Verizon Wireless wants a 150-foot tower in Unity Township, PA. However the county’s judge, Richard E. McCormick Jr., and the town’s zoning hearing board are at odds.
TribLive.com reported that the board voted two to one in April to deny the request for a special exception that SBA, the developer, needed to build in a residential zone at Pershing Park near Arnold Palmer Regional Airport. McCormick overturned the board’s decision October 27, stating that “the board abused its discretion in objecting to the tower on safety and health issues and in finding that Verizon made a good-faith effort to find an existing structure where it could place new antennae.”
On the board’s side is Gabe Monzo, executive director of the airport authority. Monzo, according to TribLive.com, testified at a February hearing that the tower would create a hazard for aircraft using the airport. Additionally, the zoning board said that the SBA’s exhibit that showed “federal standards for human exposure to electromagnetic radiation from cell towers lacked sufficient detail to satisfy health and safety concerns.”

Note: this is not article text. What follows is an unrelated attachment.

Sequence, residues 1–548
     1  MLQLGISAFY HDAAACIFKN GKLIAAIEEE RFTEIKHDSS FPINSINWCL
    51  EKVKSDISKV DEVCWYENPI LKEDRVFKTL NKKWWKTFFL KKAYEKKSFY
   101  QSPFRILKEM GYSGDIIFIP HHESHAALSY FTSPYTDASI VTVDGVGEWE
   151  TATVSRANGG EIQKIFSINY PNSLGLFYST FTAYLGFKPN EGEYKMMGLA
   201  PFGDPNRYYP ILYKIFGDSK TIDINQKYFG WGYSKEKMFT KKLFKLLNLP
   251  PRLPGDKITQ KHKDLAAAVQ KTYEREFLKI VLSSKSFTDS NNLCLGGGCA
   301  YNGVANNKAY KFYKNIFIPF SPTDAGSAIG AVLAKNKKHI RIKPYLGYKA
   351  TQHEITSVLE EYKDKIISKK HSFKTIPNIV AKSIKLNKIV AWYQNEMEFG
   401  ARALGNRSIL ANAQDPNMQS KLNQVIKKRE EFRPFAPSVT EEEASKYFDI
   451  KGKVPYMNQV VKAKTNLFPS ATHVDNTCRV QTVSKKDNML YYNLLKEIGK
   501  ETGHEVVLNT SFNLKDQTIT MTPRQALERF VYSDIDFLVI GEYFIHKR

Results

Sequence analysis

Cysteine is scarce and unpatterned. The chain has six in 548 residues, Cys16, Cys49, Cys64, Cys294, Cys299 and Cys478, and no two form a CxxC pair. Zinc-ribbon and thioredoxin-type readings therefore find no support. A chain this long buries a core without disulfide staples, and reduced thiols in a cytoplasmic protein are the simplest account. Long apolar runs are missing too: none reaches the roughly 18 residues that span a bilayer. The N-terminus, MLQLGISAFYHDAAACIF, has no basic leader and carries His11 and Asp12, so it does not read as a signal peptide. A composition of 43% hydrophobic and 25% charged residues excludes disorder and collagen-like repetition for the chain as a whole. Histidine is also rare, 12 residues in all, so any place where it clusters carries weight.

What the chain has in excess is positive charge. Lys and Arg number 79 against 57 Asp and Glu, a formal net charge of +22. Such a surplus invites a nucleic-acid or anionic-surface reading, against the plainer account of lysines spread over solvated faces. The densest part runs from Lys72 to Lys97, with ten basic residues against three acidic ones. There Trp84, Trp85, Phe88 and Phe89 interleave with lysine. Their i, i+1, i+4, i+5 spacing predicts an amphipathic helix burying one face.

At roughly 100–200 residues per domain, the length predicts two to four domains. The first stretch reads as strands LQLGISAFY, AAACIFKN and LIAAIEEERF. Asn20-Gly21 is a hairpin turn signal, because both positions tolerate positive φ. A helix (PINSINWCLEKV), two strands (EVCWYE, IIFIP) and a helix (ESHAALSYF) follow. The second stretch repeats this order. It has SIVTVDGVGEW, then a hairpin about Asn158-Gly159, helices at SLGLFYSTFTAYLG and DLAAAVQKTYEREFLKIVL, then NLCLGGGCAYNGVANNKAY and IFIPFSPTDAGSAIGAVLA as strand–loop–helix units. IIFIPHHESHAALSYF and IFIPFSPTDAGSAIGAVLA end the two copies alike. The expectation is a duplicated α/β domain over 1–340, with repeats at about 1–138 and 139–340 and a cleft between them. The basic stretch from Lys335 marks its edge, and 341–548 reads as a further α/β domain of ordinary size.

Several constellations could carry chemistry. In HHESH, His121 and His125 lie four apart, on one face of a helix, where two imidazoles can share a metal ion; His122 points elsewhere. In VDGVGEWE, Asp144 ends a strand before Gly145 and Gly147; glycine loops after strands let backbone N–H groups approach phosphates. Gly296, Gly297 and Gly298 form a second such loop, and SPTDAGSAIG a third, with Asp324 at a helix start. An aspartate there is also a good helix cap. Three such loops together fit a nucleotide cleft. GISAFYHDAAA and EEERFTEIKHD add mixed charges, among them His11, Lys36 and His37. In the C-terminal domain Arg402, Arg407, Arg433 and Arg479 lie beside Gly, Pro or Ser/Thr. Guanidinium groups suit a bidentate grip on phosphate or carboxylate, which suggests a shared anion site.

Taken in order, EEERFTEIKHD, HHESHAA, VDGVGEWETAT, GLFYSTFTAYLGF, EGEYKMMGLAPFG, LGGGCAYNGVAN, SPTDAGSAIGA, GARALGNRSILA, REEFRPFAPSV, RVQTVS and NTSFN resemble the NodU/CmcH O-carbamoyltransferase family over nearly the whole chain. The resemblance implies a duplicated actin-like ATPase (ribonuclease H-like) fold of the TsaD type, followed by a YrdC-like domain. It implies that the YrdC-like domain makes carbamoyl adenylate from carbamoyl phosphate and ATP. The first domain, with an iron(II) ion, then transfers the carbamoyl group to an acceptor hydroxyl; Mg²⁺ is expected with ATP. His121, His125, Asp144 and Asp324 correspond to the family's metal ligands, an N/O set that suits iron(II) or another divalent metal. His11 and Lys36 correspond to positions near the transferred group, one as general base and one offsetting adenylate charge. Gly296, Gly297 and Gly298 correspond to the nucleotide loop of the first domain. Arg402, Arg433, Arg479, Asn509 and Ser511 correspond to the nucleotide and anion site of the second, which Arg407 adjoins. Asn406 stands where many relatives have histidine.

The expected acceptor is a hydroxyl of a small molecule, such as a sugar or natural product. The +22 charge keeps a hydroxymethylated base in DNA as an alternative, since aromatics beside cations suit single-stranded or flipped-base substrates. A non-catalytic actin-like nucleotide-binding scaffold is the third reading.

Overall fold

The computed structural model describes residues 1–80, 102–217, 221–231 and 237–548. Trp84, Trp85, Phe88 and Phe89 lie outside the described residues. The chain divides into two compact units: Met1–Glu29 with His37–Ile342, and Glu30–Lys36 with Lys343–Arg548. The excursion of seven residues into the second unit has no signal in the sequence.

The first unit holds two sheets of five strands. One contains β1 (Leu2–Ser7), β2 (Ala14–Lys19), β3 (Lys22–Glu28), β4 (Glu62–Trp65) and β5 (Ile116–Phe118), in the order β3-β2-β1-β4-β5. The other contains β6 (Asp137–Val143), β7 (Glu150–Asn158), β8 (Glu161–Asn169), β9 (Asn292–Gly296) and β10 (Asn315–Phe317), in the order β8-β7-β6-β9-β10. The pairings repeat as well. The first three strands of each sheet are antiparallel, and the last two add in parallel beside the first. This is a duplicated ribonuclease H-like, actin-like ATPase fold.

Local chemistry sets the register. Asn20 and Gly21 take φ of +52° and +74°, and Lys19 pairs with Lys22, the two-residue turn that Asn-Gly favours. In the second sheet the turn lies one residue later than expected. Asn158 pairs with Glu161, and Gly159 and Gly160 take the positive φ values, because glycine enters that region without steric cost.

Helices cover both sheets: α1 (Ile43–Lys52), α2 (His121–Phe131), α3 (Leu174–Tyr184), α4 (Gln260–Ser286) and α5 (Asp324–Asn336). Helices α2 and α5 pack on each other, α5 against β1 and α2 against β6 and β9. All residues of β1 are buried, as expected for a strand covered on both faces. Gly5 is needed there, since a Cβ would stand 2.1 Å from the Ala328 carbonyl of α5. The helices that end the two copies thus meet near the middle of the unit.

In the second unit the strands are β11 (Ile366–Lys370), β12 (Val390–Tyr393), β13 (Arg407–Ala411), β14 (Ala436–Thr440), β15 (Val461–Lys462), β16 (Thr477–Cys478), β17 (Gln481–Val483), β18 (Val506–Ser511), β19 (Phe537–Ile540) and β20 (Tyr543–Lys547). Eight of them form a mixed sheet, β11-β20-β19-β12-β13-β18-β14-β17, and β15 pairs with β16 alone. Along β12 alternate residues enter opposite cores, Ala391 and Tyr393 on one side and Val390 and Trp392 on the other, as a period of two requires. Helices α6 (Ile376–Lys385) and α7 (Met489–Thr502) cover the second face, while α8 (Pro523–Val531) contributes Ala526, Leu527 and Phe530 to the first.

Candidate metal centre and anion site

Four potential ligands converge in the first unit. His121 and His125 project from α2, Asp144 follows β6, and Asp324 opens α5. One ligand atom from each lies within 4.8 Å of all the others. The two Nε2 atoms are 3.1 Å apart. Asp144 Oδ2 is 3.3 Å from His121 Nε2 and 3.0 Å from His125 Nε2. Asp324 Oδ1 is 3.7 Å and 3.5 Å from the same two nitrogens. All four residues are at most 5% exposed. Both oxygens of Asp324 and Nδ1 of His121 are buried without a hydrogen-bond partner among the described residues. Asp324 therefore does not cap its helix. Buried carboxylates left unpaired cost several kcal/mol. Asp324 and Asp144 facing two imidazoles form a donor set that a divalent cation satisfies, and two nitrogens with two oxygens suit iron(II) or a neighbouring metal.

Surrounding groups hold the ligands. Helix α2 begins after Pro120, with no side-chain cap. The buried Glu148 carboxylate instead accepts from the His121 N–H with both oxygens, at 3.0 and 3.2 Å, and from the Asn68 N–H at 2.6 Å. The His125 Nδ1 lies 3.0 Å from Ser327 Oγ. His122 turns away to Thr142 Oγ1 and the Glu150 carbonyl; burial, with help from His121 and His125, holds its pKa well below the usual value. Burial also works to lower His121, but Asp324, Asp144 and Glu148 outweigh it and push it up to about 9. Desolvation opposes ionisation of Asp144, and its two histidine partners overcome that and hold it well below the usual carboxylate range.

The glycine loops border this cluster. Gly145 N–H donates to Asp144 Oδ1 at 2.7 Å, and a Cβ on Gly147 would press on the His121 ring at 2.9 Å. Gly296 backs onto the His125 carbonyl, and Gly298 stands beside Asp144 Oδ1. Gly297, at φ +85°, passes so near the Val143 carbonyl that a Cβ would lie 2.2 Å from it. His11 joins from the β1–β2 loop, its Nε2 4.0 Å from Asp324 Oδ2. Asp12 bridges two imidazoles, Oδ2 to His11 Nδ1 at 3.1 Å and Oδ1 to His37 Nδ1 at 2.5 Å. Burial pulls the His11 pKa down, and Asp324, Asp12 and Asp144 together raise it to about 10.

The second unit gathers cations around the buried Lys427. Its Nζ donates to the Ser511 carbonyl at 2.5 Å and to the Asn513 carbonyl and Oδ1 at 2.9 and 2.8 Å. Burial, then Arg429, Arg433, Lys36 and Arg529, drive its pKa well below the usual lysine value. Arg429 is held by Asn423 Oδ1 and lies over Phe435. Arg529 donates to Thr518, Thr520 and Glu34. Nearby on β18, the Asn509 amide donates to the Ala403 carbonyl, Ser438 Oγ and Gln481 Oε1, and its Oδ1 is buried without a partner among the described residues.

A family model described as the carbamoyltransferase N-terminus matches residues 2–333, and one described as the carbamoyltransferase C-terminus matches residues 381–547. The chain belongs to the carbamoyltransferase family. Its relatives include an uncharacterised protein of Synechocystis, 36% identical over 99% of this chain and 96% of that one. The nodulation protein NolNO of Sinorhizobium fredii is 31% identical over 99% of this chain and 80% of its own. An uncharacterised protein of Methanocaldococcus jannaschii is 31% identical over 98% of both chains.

Also in that fight is Attorney Bernard Matthews, who represents several residents as an appellee intervenor. He argued that SBA did not sufficiently “demonstrate the tower would comply with electromagnetic-radiation standards set by the Federal Communications Commission” and that SBA can’t ask for a zoning exception because it does not own the property or have an active lease.
McCormick counter-argued that SBA indeed provided an FAA study that showed the tower would not interfere with air traffic. He said that Monzo’s statement was based on “personal, limited experience … their opinions on the broader topic are no substitute for that of the federal agency that engages in a comprehensive analysis of the situation and has been charged with the responsibility of ensuring air traffic safety across the nation,” according to TribLive.com.
McCormick also said that there was enough evidence to show the tower would not be a health and safety concern, and that Verizon adheres to FCC guidelines. After consulting with Verizon’s findings on the location, the judge found this was the optimum site to help cell service in the area. In arguing against Matthews’ lease finding, McCormick said that SBA purchased a two-year lease option in 2015, from the Columbus Home Association.
Matthews told TribLive.com that he, on behalf of the residents, is going to appeal McCormick’s reversal to Commonwealth Court. If the zoning board itself appeals, it must be filed by the township. There is a 30-day appeal window.